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Disruptive Times Require Skilled Changemakers

Posted by Liz Weaver in February 2019

In this paper, Liz Weaver describes three elements that every changemaker needs when approaching complex challenges - a mindset shift, an agile and adaptable approach, and knowledge and skills in each of the five interconnected practice areas.

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The International Day for the Eradication of Poverty: What Can You Do?

Posted by Natasha Pei on September 9, 2019

Each year, the International Day for the Eradication of Poverty falls on the 17th of October. Declared by the United Nations in 1992, this date provides a shared moment each year – across the country and around the world – to:

  1. Commemorate victims of poverty, violence and hunger
  2. Reaffirm that poverty is a violation of human rights
  3. Re-commit to coming together to ensure the right to live free from poverty is respected
  4. Acknowledge the effort and struggle of people living in poverty
  5. Celebrate the willingness of people living in poverty to fight poverty and contribute their expertise to ending it
  6. Promote concrete activities around the eradication of poverty
  7. Organize activities for the observance of October 17th.

Source: United Nations Department of Economic and Social Affairs - Poverty

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Six ideas on Designing Advisory Councils for the Participation of Experts with Lived/Living Experience

Posted by Bee Lee Soh on September 5, 2019

“Lived/living experience” — sound familiar? It’s a word on everyone’s lips, a common word we hear everywhere nowadays. In fact, I have noticed it has become much more common, perhaps even a trend in governments and non-profit organizations to include experts with lived/living experience in their work. So you may wonder — what is so special about these experts with lived/living experience?

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Hippocratic Oath for Community Workers

Posted by Jim Diers on August 28, 2019

“First, do no harm.” This dictum is frequently but mistakenly associated with the Hippocratic Oath. Although it was disconcerting to learn that our physicians are not guided by this rule, I’m suggesting that it be adopted by community workers as the basis for our own code of conduct. We need to acknowledge the ways in which we often inadvertently harm the very communities we are trying to help and pledge to work in ways that contribute to their health. Here, then, is an outline of principles I would like to see included in a Hippocratic Oath for community workers whether they are social workers, recreation coordinators, clergy, community police, public health workers, planners, educators, service learning students, outreach staff, organizers or other community-based professionals.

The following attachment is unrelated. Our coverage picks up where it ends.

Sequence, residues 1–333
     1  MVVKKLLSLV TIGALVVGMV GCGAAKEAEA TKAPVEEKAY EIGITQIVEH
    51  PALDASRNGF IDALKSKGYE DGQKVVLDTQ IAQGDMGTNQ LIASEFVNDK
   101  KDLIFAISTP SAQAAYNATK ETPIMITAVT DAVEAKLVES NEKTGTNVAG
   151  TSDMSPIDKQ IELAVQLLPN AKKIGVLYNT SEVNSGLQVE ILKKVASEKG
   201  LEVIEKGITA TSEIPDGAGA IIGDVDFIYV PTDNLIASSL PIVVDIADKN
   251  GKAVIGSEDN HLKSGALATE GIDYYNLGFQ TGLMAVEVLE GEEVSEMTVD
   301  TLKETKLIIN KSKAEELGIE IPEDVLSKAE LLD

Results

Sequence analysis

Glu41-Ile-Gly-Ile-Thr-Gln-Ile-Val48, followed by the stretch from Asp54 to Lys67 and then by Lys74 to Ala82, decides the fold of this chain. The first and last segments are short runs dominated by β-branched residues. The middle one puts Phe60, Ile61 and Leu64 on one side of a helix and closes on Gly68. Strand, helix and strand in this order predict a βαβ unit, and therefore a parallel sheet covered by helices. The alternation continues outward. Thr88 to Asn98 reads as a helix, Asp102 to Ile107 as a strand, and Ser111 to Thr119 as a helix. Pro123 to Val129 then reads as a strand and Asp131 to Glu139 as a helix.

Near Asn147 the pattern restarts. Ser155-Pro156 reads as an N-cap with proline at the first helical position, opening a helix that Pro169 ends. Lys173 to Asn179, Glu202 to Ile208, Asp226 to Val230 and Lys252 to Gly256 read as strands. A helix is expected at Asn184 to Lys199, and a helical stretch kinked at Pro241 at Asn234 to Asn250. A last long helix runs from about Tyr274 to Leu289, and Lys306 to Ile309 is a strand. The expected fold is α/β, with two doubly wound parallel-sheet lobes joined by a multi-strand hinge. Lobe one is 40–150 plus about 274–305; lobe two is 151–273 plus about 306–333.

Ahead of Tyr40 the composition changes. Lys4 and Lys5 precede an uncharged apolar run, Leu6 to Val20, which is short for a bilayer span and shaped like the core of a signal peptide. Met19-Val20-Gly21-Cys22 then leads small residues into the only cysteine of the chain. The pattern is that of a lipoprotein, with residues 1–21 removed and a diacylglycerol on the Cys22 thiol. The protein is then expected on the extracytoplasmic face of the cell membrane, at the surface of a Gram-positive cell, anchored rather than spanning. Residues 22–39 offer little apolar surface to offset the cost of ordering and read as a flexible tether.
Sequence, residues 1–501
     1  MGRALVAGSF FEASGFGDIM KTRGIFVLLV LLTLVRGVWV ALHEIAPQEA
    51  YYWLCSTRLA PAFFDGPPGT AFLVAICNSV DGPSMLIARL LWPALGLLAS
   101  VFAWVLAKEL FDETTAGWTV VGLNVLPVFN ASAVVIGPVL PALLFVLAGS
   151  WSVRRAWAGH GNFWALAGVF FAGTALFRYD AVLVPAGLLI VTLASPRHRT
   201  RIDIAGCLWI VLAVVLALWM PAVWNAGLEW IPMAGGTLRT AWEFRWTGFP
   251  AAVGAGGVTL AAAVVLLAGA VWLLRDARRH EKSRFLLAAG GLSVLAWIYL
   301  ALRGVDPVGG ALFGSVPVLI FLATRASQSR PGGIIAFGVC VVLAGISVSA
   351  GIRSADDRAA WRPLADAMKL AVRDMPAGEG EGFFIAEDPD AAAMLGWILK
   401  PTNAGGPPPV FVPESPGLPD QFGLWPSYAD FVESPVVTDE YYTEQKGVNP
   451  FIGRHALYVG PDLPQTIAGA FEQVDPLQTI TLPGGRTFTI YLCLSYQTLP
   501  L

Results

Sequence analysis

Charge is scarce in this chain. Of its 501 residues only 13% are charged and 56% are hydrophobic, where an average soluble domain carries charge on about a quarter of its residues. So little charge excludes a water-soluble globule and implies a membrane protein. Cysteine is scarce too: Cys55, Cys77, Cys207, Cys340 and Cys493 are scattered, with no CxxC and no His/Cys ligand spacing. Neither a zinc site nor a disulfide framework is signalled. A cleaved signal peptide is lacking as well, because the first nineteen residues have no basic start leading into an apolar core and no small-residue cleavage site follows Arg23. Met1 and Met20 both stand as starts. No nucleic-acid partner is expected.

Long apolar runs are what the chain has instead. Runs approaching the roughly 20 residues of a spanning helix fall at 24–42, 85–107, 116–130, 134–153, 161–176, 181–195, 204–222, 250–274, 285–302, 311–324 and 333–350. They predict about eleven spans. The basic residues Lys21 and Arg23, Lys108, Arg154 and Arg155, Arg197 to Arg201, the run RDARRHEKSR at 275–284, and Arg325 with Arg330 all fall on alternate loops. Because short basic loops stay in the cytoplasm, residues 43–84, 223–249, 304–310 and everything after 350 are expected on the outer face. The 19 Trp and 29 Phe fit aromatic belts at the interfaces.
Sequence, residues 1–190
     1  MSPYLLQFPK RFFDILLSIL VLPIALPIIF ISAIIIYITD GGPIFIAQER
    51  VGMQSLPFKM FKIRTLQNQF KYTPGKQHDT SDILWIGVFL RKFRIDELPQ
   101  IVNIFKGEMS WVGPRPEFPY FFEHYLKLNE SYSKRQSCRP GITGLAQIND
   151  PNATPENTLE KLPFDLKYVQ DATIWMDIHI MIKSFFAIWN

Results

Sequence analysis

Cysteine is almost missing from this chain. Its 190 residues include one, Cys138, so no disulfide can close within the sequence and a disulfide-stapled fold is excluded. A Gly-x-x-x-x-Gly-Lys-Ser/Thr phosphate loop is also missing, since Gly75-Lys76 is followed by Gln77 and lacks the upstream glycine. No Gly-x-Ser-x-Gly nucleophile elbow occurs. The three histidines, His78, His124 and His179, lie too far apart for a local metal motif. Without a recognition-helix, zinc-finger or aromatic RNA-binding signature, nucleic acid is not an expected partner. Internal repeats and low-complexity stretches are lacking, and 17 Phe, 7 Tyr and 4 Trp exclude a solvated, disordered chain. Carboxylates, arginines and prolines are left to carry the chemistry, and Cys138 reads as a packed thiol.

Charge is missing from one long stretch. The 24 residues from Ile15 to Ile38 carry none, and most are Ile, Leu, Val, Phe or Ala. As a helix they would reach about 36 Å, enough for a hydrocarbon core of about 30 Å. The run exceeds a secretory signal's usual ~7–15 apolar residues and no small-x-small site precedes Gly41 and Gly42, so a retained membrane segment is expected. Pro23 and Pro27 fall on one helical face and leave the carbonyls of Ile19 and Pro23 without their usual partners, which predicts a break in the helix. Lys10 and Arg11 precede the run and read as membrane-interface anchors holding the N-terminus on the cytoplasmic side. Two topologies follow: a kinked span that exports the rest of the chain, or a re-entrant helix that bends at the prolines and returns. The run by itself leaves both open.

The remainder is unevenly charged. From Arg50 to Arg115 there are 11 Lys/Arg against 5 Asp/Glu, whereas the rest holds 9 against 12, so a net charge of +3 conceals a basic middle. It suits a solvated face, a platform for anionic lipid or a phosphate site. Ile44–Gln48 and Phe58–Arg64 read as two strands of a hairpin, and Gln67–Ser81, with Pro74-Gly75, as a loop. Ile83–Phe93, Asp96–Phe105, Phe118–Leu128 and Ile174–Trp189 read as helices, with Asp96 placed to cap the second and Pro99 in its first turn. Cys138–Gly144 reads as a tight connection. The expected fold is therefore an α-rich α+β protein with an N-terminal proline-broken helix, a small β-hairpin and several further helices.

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Creating Transformational (not Transactional) Experiences When Engaging Residents

Posted by Lisa Attygalle on August 22, 2019

What comes to mind when you think of a transformational experience? 

Here’s what it likely does not look like: Filling out a survey; being handed an information card; or responding to a public notice.  

Community engagement practices can often feel transactional: the community is a source of information and the goal is to retrieve that information to design the ideal solution. We say thank you and then move on. 

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Get to Know Your Neighbours, They Might Just Save Your Life

Posted by Heather Keam on August 21, 2019

It seems that there are more and more disasters happening all around the world. As I wrote this my power went out and it was 38 degrees outside. It may not seem like an emergency but what if the power was out for a long time, what would we do? How would my neighbourhood survive in this heat? What could I do to help them?

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Canada’s First Poverty Dashboard - The Dimensions of Poverty Hub

Posted by Alison Homer on August 12, 2019

The Dimensions of Poverty Hub is comprised of meaningful and measurable indicators that track progress in poverty reduction beyond the poverty line. Released in July 2019, the Hub serves as the official dashboard for Opportunity for All, Canada’s first poverty reduction strategy. It monitors the ability of individuals and families to better meet their basic needs and move closer to the modest standard of living reflected in Canada's Official Poverty Line. 

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